“I feel the trade unions must be given a lot of the credit [for] the working man’s steady progress-not that I agree with all the unions say and do. Basically the idea of unions is good, it’s the officers who sometimes get misguided. I’m sure without the unions the workers of this country would be being exploited far more than they are at present by what is still a capitalist society” (p.231).
But essentially what illustrates the latter is the lack of consensus of whether mobility is the result of a collective or an isolated individual experience and therefore once merits are introduced into the analysis they can never be automatically taken for granted.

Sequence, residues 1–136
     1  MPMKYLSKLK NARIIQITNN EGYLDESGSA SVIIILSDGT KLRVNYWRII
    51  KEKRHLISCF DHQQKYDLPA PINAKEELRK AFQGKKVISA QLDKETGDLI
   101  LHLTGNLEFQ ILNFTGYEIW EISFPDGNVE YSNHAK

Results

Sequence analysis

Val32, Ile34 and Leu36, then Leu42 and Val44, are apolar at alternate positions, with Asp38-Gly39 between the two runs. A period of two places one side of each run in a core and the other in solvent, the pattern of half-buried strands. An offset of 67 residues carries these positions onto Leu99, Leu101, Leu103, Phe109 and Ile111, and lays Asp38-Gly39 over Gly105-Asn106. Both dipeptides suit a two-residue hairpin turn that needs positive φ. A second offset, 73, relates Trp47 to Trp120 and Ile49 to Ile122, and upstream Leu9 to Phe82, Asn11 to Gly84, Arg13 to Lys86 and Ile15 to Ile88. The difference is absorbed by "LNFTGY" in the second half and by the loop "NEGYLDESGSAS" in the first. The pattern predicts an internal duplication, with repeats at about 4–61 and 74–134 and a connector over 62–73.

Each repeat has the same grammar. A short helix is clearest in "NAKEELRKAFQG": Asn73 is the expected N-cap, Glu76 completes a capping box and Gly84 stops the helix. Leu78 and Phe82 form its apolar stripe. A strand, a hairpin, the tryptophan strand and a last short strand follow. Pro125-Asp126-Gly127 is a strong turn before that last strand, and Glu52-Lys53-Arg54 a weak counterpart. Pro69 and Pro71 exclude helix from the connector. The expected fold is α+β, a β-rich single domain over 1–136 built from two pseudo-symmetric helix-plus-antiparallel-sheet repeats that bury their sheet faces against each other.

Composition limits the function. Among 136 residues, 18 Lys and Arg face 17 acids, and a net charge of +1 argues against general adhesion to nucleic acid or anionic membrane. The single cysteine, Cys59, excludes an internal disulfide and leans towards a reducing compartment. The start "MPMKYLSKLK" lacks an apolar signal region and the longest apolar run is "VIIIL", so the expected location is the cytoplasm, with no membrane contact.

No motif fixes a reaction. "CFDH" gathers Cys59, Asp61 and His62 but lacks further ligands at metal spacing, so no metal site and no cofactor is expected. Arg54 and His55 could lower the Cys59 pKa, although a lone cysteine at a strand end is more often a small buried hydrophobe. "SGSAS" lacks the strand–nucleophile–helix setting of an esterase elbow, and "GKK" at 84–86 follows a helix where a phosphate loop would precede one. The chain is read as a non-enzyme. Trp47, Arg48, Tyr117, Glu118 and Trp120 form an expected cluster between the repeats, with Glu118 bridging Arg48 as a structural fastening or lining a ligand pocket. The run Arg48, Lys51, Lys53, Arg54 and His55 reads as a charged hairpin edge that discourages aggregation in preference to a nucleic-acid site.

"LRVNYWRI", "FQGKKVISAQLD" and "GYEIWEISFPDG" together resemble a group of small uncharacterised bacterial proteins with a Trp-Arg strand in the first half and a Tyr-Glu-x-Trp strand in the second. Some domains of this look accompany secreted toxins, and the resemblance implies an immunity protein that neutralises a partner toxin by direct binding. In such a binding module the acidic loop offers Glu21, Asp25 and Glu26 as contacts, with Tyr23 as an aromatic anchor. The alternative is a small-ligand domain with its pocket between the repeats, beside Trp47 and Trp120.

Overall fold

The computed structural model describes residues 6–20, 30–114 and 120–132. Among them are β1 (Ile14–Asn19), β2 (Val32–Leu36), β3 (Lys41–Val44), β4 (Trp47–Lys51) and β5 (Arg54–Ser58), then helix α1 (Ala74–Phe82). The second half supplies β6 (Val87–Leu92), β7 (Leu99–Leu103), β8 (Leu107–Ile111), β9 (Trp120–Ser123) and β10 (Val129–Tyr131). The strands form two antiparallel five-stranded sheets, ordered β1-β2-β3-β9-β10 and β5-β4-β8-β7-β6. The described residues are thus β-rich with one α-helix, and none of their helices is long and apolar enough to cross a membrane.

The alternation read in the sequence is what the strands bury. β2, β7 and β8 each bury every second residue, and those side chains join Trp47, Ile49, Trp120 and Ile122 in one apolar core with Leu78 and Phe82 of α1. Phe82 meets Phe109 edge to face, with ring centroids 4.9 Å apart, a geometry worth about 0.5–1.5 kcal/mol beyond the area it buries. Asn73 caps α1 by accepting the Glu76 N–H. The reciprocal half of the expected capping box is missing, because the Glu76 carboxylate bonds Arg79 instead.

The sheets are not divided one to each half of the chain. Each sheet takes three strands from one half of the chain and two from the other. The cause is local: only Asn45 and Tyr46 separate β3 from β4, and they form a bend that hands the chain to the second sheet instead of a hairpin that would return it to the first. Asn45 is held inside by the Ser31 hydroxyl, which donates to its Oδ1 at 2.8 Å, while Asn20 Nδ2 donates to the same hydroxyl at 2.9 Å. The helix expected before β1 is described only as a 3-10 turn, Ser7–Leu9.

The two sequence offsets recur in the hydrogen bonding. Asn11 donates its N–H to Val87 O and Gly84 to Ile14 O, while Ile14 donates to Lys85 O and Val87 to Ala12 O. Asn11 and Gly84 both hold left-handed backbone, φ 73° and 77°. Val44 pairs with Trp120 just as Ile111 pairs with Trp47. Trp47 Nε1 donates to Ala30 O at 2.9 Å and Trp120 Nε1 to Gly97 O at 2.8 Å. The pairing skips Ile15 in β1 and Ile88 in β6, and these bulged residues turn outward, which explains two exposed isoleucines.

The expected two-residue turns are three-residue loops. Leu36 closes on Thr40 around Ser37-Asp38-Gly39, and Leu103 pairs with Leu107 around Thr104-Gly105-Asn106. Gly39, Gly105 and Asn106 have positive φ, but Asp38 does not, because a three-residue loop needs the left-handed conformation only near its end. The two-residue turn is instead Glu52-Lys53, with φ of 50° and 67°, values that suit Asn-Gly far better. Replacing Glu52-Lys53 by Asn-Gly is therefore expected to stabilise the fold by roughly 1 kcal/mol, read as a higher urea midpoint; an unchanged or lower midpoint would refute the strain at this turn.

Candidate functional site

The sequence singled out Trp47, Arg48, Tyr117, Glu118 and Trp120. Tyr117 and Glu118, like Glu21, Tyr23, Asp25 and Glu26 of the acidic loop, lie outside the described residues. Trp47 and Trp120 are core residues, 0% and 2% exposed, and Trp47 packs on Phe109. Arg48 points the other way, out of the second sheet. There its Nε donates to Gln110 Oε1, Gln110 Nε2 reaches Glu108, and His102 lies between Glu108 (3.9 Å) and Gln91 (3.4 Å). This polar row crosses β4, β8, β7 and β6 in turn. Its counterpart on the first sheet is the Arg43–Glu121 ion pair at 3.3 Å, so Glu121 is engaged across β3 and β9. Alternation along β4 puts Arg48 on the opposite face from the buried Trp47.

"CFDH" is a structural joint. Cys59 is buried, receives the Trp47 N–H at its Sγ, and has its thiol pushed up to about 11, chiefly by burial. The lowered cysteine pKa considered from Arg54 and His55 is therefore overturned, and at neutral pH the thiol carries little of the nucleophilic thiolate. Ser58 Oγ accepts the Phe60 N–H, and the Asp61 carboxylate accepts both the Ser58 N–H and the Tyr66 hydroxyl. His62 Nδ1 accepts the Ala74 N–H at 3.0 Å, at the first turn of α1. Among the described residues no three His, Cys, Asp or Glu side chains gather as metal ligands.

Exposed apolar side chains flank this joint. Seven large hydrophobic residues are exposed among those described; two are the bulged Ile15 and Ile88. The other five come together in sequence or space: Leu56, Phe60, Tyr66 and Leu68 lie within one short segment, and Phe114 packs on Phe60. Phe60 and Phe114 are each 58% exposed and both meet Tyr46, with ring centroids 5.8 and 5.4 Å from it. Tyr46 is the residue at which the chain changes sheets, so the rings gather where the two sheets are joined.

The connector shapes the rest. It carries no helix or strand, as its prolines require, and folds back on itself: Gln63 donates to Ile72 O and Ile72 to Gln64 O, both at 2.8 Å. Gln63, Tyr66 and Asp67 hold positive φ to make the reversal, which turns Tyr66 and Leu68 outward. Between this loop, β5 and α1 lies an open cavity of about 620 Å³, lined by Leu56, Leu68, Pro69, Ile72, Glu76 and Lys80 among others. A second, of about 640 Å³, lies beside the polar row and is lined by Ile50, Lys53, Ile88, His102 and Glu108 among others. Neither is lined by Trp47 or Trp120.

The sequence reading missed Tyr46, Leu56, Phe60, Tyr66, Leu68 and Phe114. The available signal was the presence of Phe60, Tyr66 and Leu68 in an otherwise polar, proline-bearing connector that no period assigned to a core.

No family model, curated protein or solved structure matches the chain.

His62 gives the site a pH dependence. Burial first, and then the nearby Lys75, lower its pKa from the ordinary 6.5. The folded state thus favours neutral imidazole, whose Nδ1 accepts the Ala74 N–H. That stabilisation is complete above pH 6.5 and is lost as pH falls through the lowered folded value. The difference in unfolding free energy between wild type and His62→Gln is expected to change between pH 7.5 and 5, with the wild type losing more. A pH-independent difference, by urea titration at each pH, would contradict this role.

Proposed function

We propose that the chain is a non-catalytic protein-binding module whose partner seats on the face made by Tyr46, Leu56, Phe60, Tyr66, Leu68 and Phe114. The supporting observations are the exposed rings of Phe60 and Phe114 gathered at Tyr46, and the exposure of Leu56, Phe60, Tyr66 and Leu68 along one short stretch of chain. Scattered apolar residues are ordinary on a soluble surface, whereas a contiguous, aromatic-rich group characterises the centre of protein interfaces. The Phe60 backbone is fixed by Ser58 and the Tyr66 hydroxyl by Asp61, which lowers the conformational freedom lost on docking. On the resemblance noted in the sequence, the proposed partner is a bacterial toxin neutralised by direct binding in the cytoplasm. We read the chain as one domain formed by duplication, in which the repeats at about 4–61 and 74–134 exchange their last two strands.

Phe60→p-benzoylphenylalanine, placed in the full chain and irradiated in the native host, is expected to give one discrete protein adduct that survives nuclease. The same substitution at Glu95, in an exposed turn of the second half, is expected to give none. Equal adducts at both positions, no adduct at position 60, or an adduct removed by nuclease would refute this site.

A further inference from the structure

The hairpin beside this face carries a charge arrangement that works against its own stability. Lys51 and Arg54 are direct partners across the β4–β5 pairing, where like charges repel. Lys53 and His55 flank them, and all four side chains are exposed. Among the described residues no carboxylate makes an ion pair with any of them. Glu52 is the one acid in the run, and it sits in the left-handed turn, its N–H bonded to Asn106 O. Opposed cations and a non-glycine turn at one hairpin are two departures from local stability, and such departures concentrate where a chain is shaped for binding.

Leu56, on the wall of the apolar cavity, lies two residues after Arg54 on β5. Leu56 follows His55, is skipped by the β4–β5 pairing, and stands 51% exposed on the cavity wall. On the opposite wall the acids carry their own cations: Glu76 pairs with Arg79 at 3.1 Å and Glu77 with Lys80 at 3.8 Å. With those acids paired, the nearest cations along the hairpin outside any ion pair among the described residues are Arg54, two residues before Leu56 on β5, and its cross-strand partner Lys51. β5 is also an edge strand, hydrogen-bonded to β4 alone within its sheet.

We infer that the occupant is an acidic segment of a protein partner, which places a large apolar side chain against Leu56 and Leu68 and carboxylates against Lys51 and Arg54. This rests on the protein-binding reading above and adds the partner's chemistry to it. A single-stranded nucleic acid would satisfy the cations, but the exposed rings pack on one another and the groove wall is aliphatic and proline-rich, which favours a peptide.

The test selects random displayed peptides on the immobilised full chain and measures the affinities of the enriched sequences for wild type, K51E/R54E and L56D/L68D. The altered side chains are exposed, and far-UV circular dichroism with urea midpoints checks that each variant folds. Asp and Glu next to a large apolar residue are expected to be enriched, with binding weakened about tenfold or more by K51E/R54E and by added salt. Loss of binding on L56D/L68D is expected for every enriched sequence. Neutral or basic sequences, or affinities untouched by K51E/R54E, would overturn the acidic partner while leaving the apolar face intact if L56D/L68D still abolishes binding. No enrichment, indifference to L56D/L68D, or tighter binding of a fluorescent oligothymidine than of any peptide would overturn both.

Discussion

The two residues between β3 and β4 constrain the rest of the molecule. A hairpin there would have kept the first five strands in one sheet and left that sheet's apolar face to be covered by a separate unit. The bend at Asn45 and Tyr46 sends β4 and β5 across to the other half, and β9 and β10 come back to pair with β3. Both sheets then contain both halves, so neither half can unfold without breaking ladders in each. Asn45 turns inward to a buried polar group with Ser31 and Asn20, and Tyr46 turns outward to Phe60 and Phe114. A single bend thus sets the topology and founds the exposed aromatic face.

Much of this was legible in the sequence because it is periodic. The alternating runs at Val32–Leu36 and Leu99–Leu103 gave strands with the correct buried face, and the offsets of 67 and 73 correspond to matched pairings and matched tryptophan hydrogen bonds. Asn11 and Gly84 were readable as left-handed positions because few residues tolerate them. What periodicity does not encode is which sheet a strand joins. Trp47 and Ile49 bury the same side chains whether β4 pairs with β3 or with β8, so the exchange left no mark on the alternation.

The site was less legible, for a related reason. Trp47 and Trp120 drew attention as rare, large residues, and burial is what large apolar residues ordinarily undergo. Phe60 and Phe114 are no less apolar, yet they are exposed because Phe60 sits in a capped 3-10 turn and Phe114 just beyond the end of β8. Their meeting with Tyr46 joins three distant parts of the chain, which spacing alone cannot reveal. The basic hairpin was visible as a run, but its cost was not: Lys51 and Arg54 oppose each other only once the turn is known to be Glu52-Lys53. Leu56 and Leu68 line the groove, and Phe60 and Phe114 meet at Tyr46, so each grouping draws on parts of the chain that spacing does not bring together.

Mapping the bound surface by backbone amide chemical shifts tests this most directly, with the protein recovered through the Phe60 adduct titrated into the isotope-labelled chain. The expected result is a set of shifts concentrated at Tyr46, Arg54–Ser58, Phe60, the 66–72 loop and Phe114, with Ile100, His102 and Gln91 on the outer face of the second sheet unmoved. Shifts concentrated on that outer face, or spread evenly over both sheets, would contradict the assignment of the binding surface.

In sum once we assume the complexity of mobility analysis we deal with issues of parsimony and description, regardless of the method the researcher chooses from. What essentially Hout establishes, besides the technicality of assessing mobility tables rigorously, is the challenges that the researches face in order to determine not statistically, but theoretically which type of mobility analysis can be regarded as more adequate to assess a given data set. This raises the question of mobility distributions, which is actually, I think, at the core of mobility inquiry. In other words, in order to have a theoretical inclination of either deleting the diagonal, applying quasi perfect mobility, corners, crossing parameters, or topological, as proposed by Houser, models, a researcher must tackle theoretically first the question of the types of mobility which the society is studying, but how can he/she do that when in fact this is the question to be answered? A potential solution to this will be the study of other countries, as Hout proposes once he uses Britain and Denmark, but the serious limitation of this strategy is to heavily reduce the complexity of mobility as if it was similar in countries with economic structures which might not be at all similar. More particularly the challenge surfaces more abruptly when theoretically patterns of short or long distance mobility for the countries to be compared might not be that similar and therefore making the comparison among countries something unreliable.